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How about "This train terminates at XYZ." ...... yes, I know it does ( will do ) - it's the end of the line ! : I only need to know that it "terminates at" somewhere unexpected.

 

"Mind the gap between the train and the platform edge." ............ what other part of the platform could the train possibly be adjacent to ?

 

"The next station* is ABC." announced as the doors close ................... a) too late to do anything about it if you've got it wrong .... b) I happen to know that ABC is twenty minutes away - but there's some poor s:od who's just dropped his bag on his head getting it from the rack in panic.

 

* or should that be "station stop" ? .......... or "train station stop" ??!?

 

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3 hours ago, AndyID said:

 

I was just winding you up :D

 

But "train station" is actually more logical (if not traditional in the UK). You go to a bus station to catch a bus. Do you go to a railway station to catch a railway?

Do you go to a fire station to catch fire?

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16 minutes ago, rob D2 said:

Er, that’s the entire interweb.

 

I don’t mind people mangling a few descriptions TBH, I do sometimes.

 

what’s really getting on my nerves now is the continuation of “ swmbo “ and “ domestic authorities ,“ as well as ,” senior management “. We need to stop doing this - it’s not 1950 and imagine the utter xxxxstorm if we reversed these descriptions .

 

Tut tut.

 

Surely it's Train Manager now....

 

 

"Good afternoon. I'm Nigel your Train Manager. Do ask our chef for his specials"

 

Chef? it's a bloke selling prepacked prawn sandwiches and cans of Stella. :laugh:

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2 minutes ago, Steamport Southport said:

 

Tut tut.

 

Surely it's Train Manager now....

 

 

"Good afternoon. I'm Nigel your Train Manager. Do ask our chef for his specials"

 

Chef? it's a bloke selling prepacked prawn sandwiches and cans of Stella. :laugh:

Which reminds me of the tale told by a senior Eurostar manager a few years ago. there had been some rather heavy drinking on the train from Waterloo to Brussels, mostly Belgians. The chef du train made the announcement, "We are sorry we have run out of beer. But for our Dutch passengers there's still some tins of Amstel."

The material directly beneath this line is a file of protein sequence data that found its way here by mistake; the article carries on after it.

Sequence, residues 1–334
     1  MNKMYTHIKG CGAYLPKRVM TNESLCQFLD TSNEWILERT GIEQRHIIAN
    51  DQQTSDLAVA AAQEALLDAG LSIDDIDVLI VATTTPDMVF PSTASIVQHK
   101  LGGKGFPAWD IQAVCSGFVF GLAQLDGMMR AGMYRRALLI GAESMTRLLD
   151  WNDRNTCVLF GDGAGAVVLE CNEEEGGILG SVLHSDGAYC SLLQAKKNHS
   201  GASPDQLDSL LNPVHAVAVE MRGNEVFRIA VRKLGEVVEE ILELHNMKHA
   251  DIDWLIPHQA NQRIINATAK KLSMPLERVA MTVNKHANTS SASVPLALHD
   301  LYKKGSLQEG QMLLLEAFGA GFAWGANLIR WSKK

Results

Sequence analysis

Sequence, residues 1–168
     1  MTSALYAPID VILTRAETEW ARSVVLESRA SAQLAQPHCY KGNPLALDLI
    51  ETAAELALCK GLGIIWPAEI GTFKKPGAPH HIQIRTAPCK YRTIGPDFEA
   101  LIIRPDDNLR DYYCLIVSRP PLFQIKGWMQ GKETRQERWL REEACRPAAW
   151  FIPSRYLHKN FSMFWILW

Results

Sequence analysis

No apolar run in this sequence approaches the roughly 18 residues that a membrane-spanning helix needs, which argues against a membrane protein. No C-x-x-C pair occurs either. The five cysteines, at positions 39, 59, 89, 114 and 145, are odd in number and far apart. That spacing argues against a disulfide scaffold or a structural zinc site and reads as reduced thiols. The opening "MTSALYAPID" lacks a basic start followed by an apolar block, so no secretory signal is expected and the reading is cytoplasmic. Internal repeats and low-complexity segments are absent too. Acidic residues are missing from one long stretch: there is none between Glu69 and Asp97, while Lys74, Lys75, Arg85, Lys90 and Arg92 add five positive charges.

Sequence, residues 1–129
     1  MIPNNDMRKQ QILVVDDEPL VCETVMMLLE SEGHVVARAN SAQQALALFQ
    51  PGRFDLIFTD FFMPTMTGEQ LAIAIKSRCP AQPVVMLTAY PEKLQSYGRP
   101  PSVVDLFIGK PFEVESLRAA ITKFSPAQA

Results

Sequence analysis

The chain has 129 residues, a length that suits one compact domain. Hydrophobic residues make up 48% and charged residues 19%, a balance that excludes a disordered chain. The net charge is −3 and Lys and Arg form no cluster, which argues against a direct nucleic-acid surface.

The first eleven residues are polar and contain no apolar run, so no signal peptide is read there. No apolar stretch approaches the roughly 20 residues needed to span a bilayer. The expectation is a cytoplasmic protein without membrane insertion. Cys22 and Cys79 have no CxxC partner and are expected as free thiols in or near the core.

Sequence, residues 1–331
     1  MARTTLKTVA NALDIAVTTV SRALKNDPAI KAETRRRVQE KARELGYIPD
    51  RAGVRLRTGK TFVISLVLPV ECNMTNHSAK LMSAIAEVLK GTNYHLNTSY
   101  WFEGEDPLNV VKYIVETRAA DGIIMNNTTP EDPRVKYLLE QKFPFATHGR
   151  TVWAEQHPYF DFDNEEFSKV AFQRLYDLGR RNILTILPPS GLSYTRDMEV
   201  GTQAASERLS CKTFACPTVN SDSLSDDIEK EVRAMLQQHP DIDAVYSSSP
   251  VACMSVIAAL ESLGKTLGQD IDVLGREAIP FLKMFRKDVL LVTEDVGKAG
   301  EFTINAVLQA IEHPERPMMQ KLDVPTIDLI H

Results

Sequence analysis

There was also a local lad (I live near Eurotunnel) went for a job with E* as chef du train, and the local job centre was a bit surprised when he turned down the job as his job qualification as a chef didn't include knowing anything about trains, but plenty about bacon and eggs.

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1 hour ago, Oldddudders said:

Yes, waiting for a driver to admit his train is a failure is a tiresome experience. Pride is involved, of course, although less so since the demise of steam. But no-one and nothing moves until he admits defeat. 

 

The only time we had the upper hand over the signalman - you had to let us savour it a bit! :D

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1 hour ago, Wickham Green too said:

"Mind the gap between the train and the platform edge." ............ what other part of the platform could the train possibly be adjacent to ?

 

There is a point to this; station platforms differ in height and, on curves, distace from the coach door step.  The situation at the station you get off at and may have never been to before can be very different from where you got on or a usual destination that you are used to.  And if you do fall down there, it is not easy to extricate you from it, and if nobody noticed you go down and the train begins to move...  So it is good to heed advice to 'mind the gap between the train and the platform edge'.

 

1 hour ago, roythebus1 said:

Do you go to a fire station to catch fire?

 

Well, they have all the right gear handy to deal with it at the fire station...

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4 hours ago, Zomboid said: